Alabama and Georgia passed abortion bans. California could make it more accessible

As state legislatures in Alabama, Georgia, Ohio, Kentucky and Mississippi pass laws restricting women’s access to abortion services, California lawmakers are poised to vote on a bill that would expand that access on college campuses.

Senate Bill 24, sponsored by Sen. Connie Leyva, D-Chino, requires every campus student health center in the California State University and University of California systems to provide medication-assisted abortion services.

“What’s happening nationwide is nothing short of shocking,” Leyva said in an interview Friday. “Roe v. Wade has already been litigated and already been won.”

Leyva said that it is critical that California “stand at the forefront of all issues, but especially women’s issues.”

The bill, which returned to the Legislature after being vetoed by then-Gov. Jerry Brown in 2018, passed through the California Senate Committees on Education and Appropriations, and could be heard on the Senate floor as soon as Monday. It must also pass through the Assembly before going before the governor.

“We are very hopeful. Because then-Lt. Gov. (Gavin) Newsom made a comment that he would not have vetoed the bill,” Leyva said.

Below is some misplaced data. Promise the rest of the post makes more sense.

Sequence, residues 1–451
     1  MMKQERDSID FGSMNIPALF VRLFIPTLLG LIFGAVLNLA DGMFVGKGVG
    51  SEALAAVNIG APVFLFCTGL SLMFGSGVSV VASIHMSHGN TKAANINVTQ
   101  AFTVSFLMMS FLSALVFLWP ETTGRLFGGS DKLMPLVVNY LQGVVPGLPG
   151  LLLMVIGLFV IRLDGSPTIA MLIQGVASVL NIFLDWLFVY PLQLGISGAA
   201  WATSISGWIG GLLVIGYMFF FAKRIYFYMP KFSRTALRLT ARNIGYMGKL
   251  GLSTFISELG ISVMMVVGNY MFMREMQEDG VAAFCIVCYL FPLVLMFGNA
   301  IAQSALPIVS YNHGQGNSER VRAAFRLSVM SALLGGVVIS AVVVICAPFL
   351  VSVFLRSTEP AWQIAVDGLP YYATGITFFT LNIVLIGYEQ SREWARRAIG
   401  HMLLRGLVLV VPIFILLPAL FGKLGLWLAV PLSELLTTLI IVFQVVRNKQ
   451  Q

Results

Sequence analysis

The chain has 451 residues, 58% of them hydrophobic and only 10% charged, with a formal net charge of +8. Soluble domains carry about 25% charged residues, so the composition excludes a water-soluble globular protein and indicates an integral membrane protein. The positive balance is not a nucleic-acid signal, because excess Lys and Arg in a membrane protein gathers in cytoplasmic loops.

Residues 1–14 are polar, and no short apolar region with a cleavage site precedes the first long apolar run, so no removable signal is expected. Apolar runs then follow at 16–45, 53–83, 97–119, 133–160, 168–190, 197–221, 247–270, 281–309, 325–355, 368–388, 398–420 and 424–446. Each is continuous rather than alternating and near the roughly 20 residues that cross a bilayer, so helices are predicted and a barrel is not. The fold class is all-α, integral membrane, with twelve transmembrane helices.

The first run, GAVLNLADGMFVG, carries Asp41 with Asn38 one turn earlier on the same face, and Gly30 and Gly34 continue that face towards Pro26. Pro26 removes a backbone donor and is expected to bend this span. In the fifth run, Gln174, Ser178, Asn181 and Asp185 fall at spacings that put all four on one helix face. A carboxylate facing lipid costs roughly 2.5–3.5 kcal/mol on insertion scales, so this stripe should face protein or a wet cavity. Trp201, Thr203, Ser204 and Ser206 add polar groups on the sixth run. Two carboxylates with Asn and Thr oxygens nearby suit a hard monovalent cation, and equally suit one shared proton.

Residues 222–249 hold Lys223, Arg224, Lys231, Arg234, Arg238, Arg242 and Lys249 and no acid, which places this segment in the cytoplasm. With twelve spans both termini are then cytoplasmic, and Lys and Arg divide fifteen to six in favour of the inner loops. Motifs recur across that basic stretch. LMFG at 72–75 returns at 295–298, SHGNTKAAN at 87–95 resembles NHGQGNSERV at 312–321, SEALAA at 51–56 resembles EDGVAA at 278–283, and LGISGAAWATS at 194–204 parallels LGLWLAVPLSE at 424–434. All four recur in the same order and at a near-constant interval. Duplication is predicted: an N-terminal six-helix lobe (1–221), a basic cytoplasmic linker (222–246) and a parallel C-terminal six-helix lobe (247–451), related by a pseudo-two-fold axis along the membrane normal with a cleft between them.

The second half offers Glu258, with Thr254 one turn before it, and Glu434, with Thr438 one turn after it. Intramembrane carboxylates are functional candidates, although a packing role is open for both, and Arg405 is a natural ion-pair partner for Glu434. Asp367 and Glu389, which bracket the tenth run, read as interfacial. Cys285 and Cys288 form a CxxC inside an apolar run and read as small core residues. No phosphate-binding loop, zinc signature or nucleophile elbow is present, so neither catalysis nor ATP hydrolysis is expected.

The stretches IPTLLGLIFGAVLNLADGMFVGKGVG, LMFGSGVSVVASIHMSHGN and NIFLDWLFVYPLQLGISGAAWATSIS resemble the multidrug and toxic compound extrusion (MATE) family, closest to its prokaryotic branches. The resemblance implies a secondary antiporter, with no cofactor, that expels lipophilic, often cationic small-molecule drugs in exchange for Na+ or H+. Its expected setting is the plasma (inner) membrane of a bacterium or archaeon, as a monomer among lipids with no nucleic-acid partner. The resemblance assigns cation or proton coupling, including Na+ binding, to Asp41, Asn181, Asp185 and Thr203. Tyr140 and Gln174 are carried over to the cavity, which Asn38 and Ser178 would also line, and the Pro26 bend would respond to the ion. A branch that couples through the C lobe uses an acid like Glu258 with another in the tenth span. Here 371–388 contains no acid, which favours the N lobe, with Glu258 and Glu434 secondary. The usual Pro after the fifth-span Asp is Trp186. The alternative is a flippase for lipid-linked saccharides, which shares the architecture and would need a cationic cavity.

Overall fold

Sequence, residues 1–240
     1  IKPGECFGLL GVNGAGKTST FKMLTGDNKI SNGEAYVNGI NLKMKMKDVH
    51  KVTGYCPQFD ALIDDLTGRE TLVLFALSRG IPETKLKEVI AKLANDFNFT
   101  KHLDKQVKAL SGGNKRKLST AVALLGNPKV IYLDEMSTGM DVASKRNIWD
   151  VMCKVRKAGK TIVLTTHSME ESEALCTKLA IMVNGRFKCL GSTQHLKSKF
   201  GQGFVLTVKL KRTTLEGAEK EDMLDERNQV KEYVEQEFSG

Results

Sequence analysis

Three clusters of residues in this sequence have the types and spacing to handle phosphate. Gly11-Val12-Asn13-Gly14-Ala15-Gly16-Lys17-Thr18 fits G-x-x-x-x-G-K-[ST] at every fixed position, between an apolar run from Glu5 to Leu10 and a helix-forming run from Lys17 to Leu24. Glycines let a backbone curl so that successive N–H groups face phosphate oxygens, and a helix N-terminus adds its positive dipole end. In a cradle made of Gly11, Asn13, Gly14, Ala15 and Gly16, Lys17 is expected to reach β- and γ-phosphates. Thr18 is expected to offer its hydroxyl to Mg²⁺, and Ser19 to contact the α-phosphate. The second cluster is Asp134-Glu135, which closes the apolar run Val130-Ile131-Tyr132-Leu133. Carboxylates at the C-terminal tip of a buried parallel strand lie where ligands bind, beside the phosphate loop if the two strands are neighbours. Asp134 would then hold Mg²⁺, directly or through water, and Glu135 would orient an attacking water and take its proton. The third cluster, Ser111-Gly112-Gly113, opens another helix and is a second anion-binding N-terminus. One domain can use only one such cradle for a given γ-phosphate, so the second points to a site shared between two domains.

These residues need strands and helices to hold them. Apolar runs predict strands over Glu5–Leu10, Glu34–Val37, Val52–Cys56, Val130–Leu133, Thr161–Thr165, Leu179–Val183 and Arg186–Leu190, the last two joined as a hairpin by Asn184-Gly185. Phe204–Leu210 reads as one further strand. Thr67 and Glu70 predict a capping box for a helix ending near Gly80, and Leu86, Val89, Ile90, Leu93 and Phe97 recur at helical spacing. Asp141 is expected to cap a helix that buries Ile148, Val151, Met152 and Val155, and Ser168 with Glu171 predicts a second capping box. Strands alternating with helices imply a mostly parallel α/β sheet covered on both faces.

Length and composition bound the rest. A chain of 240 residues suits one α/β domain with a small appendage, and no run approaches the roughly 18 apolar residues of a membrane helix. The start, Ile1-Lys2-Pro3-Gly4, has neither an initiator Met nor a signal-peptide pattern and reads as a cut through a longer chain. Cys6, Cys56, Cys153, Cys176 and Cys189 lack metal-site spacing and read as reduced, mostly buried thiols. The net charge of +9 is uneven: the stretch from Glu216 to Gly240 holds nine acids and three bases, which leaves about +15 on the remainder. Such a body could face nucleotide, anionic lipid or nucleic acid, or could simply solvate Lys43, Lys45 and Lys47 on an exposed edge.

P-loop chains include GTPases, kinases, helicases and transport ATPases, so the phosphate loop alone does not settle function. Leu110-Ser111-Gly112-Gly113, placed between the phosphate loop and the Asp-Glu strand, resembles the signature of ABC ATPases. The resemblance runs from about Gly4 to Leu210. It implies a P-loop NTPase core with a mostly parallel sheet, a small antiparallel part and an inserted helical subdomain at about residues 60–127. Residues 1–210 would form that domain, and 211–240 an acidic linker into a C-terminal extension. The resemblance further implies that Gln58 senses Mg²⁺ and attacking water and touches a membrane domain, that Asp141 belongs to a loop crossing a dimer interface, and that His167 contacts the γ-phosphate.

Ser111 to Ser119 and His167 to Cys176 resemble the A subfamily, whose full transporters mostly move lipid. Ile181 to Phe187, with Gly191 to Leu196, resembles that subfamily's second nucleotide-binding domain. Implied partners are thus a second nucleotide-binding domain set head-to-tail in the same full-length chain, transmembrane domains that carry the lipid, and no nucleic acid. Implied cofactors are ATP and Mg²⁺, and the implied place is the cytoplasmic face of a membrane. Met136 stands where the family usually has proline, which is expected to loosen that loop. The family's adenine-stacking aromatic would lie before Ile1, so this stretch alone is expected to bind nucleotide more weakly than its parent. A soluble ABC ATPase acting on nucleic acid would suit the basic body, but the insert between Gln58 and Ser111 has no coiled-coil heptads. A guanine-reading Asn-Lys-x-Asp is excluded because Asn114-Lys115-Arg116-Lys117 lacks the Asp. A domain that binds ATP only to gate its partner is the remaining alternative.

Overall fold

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Newsom has tweeted several times to condemn the Alabama Legislature for passing a bill, now signed into law, criminalizing abortion. That law, which goes into effect Jan. 1, 2020, could see doctors who perform abortions facing sentences up to 99 years in prison.

The governor also has criticized Missouri’s recently passed ban on abortions after eight weeks of pregnancy.

“Make no mistake — this is about power. About control. It’s a direct attack on women’s rights — and it’s decades in the making,” Newsom tweeted Thursday.

If signed into law, SB 24 would cost an estimated $7.8 million dollars during the 2019-20 through 2022-2023 fiscal years. After that, it would cost up to $3.3 million a year to fund; that money would go toward campuses providing 24-hour support, equipment purchases and liability insurance premiums, according to a bill analysis.

The bill is supported by dozens of groups, including abortion rights groups like co-sponsor NARAL Pro-Choice California, student groups and civil rights groups, as well as 10 individuals.

“Even though we’re not seeing this kind of aggressive, violent, oppressive legislation in California (that other states are passing) ... one of the things our organization talks about a lot is there’s still work to do here,” said Laura Jimenez, executive director of California Latinas for Reproductive Justice.

Jimenez said that SB 24 is part of a larger push by activists, community advocacy groups and lawmakers in order to improve access to reproductive health services for a variety of under-served groups.

SB 24 is opposed by 17 organizations, primarily anti-abortion advocacy groups such as California Family Council and student groups. Dozens of people, many of them identifying themselves as Catholic, spoke against the bill at a Senate Education Committee hearing in April.

The group Faith and Public Policy condemned the use of state general funds, university funds and student fees to pay for the medication.

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